Potato dextrose agar

From Wikipedia, the free encyclopedia

Master plate of bacterial soil isolates growing on potato dextrose agar.

Aspergillus sp. growing in potato dextrose agar

Potato dextrose agar (BAM Media M127[1]) and potato dextrose broth are common microbiological growth media made from potato infusion and dextrose. Potato dextrose agar (abbreviated "PDA") is the most widely used medium for growing fungi and bacteria.[2]

PDA has the capability to culture various bacteria and fungi found in the soil. This agar can be used with antibiotics or acid to inhibit bacterial/fungal growth. PDA is used in the food industry to test for fungi that can spoil food products. It is also used in the pharmaceutical industry to screen for potential antifungal agents in medications.[3]

Potato dextrose agar is a versatile growing medium for bacteria and fungi (yeasts and molds). This agar is used for a broad range of fungi but there are other agars that are more selective for specific types of fungi. These agars include but are not limited to malt extract agar and sabouraud agar. Malt extract agar is more acidic than PDA and is commonly used to cultivate penicillium species.[4] Sabouraud agar is also slightly acid with pH of 5.6-6.0 which is similar to PDA. It is most often used for the isolation of pathogenic fungi such as dermatophytes.

Typical composition[edit]

value ingredients & conditions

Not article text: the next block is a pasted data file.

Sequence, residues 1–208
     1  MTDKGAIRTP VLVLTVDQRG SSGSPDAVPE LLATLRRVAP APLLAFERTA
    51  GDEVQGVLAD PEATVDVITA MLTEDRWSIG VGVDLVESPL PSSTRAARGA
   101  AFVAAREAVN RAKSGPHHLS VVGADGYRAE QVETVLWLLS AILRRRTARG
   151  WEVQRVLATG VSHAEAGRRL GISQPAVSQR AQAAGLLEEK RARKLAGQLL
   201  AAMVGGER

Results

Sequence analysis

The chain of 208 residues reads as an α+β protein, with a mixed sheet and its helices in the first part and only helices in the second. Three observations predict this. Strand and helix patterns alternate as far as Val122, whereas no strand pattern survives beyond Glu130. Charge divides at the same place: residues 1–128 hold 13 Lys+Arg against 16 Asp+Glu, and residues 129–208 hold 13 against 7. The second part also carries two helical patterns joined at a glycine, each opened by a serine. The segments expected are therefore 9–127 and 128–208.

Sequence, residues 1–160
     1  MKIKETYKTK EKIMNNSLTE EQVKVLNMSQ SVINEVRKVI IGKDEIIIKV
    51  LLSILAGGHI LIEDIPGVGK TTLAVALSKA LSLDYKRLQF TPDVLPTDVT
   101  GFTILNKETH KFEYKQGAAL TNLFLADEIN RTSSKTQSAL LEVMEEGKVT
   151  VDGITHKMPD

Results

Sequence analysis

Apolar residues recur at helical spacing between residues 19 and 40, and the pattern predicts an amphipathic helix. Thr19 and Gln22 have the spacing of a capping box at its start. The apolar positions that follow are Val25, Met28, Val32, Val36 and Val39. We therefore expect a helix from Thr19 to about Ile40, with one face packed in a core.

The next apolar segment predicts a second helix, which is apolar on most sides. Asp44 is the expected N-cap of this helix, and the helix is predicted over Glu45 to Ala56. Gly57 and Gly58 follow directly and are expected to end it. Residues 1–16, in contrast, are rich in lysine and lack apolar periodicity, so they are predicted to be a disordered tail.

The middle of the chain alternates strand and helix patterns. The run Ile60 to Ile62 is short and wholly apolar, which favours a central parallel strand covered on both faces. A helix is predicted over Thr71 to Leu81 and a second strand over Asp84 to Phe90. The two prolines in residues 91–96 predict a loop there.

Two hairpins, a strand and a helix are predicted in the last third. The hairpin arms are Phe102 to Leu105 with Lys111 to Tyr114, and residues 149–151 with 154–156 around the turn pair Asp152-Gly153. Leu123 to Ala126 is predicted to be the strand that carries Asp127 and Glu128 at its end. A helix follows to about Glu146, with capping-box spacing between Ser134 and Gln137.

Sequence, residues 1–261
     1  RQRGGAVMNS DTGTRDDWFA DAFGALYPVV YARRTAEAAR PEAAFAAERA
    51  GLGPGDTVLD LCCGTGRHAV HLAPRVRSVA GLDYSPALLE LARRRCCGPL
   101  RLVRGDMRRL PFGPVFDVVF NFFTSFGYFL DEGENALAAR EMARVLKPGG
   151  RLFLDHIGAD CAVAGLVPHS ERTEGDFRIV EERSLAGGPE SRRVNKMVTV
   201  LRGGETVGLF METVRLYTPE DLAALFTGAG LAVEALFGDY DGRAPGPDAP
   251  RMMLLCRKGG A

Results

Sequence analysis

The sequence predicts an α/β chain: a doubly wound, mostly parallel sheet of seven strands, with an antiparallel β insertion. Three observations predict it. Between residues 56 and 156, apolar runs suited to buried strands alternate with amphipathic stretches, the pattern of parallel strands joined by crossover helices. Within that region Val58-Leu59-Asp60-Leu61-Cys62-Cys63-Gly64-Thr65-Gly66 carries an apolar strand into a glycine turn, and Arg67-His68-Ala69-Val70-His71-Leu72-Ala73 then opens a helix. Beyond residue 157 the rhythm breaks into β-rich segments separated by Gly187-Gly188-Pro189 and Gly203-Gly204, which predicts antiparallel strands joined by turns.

1000 mL water
4 g (from 200 g infused potato) potatoes
(sliced washed unpeeled)
20 g dextrose
20 g agar powder
5.6±0.2 final pH
25°C temperature

Potato infusion can be made by boiling 200 grams (7.1 oz) of sliced (washed but unpeeled) potatoes in ~ 1 litre (0.22 imp gal; 0.26 US gal) distilled water for 30 minutes and then decanting or straining the broth through cheesecloth. Distilled water is added such that the total volume of the suspension is 1 litre (0.22 imp gal; 0.26 US gal). 20 grams (0.71 oz) dextrose and 20 grams (0.71 oz) agar powder is then added and the medium is sterilized by autoclaving at 15 pounds per square inch (100 kPa) for 15 minutes.[1]

A similar growth medium, potato dextrose broth (abbreviated "PDB"), is formulated identically to PDA, omitting the agar.[5] Common organisms that can be cultured on PDB are yeasts such as Candida albicans and Saccharomyces cerevisiae and molds such as Aspergillus niger.[5]


  1. ^ a b BAM Media M127: Potato Dextrose Agar from the U.S. Food and Drug Administration
  2. ^ Harold Eddleman, Ph. D (February 1998). "Making Bacteria Media from Potato". Indiana Biolab. disknet.com. Archived from the original on July 16, 2011. Retrieved March 4, 2011.
  3. ^ Pitt & Hocking (2009). Fungi and food spoilage. Springer Science & Business Media. Bibcode:2009ffs..book.....P.{{cite book}}: CS1 maint: location missing publisher (link)
  4. ^ "Atlas of clinical fungi". Centraalbureau voor Schimmelcultures (2). 2009.
  5. ^ a b "Potato Dextrose Broth". Merck KGaA. Archived from the original on May 16, 2006. Retrieved May 29, 2005.

Further reading[edit]

  • Atlas, R.M.: Handbook of Microbiological Media, second edition. Lawrence C. Parks (1997)